Pay per click advertising (PPC)
PPC (also called Cost per click) is an Internet advertising model used to direct traffic to websites, where advertisers pay the publisher (typically a website owner) when the ad is clicked.
Pay per click advertising at search engines can be described most easily as follows: The placement of small text only advert on the search results page which is triggered by a specific keyword or phrase being typed in a search box.
For example, carry out a search at Google for ‘digital cameras’ and look at the number of adverts that appear both above the ‘organic’ results and to the right hand side of the page. Now go back and do a search for ‘digital camera memory’ and note the different adverts that appear for that specific search. Programmes like Google AdWords provide real time advertising connections with targeted customers when they are keyword searching for a specific product on a cost per click basis. The advertiser chooses which keywords they want their ads to be linked with along with the daily budget for the campaign. The ads appear either on the right or side of the screen under ‘sponsored links’. Google also provides keyword tools to help identify the similar words, phrases and synonyms that might also be targeted. Advertisers only pay when a prospect clicks through but are getting a qualified lead. Analysis of those keywords that generate the highest click through rates (CTR) provides an indication of performance. This is because Google considers ads with a higher quality score, or high CTRs to be more relevant, and, just as with its organic listings, Google continuously strives to deliver best possible listings to searchers. Consequently Google AdWords was developed to work in a different way to Miva. Miva ads are ranked purely according to how much advertisers bid on keywords. Google AdWords, however, use both maximum bid and historic CTR to determine a rank index by multiplying the two together. So, if more relevant and highly targeted ads can be devised that result in a higher CTR, ads may well appear above ads of competitors – and they may well be paying more for their clickthroughs. For example, suppose a competitor is bidding $0.20 on a keyword and you are bidding only $0.10 for the same keyword. If your historic CTR is 5% and your competitors is only 2% (because you are writing more appealing ads) then your ad will appear above theirs because ($0.10*5%) is greater than ($0.20*2%). That said, Google also adjusts the actual CPC downwards to ensure that an organisation is not paying more than necessary to obtain a given ad position.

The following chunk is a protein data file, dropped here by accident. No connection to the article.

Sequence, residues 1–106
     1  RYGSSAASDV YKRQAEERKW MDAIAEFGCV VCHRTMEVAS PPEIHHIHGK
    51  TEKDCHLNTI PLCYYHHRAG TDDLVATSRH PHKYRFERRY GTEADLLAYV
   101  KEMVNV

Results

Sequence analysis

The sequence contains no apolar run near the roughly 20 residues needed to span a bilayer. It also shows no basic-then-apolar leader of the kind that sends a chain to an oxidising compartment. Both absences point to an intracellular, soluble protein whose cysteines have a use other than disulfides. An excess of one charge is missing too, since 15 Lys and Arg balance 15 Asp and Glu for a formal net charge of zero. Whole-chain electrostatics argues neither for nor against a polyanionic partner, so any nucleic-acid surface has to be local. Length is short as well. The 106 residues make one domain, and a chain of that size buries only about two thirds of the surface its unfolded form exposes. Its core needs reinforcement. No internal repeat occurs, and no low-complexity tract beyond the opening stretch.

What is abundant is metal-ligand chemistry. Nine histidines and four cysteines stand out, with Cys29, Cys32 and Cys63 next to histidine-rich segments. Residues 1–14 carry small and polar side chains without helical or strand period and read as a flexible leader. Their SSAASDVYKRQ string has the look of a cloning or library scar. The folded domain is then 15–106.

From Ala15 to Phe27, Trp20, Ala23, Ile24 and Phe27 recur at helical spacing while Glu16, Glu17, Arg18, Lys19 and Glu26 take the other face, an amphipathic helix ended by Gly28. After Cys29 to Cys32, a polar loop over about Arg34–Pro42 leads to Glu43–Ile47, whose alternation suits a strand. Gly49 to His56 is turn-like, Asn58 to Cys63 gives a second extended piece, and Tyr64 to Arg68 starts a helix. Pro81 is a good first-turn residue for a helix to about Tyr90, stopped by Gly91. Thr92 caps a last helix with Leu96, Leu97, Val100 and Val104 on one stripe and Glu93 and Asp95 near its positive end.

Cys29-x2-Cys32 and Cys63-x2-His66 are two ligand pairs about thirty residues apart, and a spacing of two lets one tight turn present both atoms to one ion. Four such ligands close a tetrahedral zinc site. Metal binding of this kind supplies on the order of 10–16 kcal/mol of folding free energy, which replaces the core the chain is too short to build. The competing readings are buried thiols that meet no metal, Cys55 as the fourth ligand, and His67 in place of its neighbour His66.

Google AdWords ads also appear on Google’s partner sites in its Search Network which includes the likes of AOL, Ask Jeeves, price comparison site Deal Time an BT Openworld giving wider reach but to targeted, relevant markets. The key to success in using any PPC service lies in the richness of keywords themselves as well as the continuous testing of ads, such as using A/B split rotation of ads determine which ads deliver the highest CTR. CTRs will usually be much less when keyword groups have too broad a range of keywords. It is better to ensure that keywords are grouped in such a way that each group is smaller and words within it are based on your understanding of customer behaviour. Alongside Google’s own keyword tools, online marketers can use the likes Wordtracker to track the most commonly typed in words to boost ROI.
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